One Number to Describe a Scientist’s Work? Three Work Better
Can one number, for example the Hirsch index, describe the impact of a scientist on the development of science? According to a team of Polish researchers the answer is no, arguing that to accurately reflect the citation rate of scientific papers, it is better to use three variables.
The Hirsch index, commonly used in science, shows only a fragment of knowledge about the global impact of a given scientist's work. In a publication in the prestigious journal PNAS, Dr. Grzegorz Siudem and Dr Anna Cena from the Warsaw University of Technology, Barbara Żogała-Siudem from the Systems Research Institute PAS and Professor Marek Gągolewski from Deakin University in Melbourne and the Warsaw University of Technology show how to break down information about a scientist's citation rate into three different factors to show the importance of someone's research simply and without distortion.
Lead author of the report, Dr. Grzegorz Siudem, said: “It would seem that explaining how particular papers of a given scientist are cited is a very complex problem. We show that only three parameters are sufficient to quite accurately describe the citation vector.”
These parameters are: total number of citations of all papers; the number of papers published by the scientist and the ρ (Greek "rho") parameter. The ρ (random distribution) parameter is related to how the citations of a given author are distributed among the author's individual papers.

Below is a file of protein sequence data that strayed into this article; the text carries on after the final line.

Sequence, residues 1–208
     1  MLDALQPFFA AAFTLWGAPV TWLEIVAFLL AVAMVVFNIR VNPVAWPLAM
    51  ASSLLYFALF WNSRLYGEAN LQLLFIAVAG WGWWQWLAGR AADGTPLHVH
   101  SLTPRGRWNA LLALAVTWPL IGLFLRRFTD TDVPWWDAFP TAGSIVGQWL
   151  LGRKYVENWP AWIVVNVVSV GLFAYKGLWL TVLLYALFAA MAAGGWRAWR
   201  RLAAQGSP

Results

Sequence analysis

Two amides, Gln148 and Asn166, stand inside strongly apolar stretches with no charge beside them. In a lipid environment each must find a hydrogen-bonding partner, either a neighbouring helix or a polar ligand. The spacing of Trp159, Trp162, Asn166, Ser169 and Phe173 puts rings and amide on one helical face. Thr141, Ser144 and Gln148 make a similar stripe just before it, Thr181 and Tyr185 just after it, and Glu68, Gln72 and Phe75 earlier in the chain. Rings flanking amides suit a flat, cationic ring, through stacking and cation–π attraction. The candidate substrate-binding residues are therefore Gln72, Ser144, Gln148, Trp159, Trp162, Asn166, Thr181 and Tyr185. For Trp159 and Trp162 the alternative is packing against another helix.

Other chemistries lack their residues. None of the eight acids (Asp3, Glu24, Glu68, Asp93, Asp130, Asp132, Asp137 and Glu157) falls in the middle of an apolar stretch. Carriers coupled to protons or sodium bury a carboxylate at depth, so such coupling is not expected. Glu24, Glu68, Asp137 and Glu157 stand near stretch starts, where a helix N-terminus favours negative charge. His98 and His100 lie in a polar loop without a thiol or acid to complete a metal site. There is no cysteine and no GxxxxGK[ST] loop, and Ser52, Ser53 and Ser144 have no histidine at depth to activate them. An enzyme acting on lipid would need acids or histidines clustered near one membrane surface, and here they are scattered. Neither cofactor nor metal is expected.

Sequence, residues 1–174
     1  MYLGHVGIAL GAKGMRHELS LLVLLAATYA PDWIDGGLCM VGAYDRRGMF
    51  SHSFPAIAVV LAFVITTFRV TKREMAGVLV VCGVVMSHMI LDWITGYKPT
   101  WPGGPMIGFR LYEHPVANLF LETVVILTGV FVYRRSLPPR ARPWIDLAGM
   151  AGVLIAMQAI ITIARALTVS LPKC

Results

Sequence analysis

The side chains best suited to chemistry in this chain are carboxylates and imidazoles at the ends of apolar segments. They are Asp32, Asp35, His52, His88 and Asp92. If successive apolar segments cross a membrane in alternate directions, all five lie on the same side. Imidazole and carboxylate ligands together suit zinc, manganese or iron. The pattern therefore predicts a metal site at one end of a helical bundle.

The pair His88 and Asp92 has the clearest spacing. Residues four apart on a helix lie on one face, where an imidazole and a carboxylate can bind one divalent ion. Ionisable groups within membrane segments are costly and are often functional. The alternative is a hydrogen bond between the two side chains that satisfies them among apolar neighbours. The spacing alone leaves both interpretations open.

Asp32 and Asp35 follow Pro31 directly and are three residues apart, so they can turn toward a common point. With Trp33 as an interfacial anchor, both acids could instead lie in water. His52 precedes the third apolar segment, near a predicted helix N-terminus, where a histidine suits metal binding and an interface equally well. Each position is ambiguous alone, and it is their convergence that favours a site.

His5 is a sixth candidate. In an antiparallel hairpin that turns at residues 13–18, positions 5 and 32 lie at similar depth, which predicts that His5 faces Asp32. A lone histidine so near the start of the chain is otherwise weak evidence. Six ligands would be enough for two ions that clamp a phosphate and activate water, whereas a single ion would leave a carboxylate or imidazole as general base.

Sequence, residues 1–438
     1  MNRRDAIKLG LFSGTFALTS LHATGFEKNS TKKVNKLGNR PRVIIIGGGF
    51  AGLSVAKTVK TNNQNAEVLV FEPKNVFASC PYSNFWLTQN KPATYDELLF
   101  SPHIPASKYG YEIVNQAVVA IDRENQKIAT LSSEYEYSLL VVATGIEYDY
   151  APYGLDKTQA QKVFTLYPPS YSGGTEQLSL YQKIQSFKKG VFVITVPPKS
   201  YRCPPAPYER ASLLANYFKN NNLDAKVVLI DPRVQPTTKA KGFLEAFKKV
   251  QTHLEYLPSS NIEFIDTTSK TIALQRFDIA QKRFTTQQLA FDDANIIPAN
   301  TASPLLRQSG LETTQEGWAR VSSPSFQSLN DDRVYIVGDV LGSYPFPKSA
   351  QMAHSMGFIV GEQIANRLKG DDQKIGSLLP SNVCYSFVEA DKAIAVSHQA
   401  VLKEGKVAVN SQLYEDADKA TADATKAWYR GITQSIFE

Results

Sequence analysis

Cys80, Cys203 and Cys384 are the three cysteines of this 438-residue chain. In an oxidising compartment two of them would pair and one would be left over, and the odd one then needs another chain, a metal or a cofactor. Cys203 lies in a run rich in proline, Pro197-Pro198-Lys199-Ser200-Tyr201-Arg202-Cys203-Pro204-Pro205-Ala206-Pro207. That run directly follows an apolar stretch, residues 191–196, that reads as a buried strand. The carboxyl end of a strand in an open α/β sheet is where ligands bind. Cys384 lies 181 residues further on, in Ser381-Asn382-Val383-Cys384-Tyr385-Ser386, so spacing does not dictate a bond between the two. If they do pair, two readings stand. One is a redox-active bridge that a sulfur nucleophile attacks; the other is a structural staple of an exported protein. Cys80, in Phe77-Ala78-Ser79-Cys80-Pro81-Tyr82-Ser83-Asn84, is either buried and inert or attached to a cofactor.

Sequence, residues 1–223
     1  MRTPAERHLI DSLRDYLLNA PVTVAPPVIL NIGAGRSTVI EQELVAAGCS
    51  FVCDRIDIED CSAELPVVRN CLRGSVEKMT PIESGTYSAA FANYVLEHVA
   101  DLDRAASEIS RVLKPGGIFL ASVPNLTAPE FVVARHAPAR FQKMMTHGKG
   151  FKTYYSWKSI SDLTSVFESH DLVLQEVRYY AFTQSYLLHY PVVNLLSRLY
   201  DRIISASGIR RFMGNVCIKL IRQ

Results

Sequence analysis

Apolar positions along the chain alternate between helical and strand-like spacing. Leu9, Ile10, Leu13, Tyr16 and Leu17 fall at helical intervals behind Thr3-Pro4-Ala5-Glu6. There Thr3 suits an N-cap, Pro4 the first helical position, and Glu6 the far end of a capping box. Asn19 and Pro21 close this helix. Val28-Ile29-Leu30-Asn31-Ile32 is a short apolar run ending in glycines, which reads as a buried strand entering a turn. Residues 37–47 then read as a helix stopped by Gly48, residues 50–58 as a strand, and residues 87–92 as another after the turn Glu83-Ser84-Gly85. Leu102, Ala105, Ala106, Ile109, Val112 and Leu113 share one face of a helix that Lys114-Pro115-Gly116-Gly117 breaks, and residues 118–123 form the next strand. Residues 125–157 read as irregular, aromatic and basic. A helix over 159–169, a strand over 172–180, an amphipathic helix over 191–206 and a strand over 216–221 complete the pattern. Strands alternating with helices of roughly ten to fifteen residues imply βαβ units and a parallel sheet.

Dr. Siudem said: “If we want to quote the author, then the question is which paper we will choose: one that already has a large number of citations ('magnetism of fame'), or maybe a randomly selected work of that person. This is what the ρ parameter reflects.
“The more such magnetism is present in the case of a given scientist, the greater the ρ coefficient. In other words, ρ=0 corresponds to completely random citations, and ρ=1 reflects fully preferential citations.”
The researchers examined a database of 3 million scientific articles containing information on 25 million citations. The ρ coefficient was assigned to 123,000 authors with a Hirsch index of at least 5. It turned out that with these three numbers, one can precisely describe how the publications of a typical scientist are cited.
Dr Siudem said: “This is a strong voice in the discussion on the quantitative description of scientific achievements and reducing it to a single number.
“While one number can not accurately reflect the complexity of achievements of a given researcher, three parameters allow to do it quite well.”
PAP - Science in Poland, Ludwika Tomala
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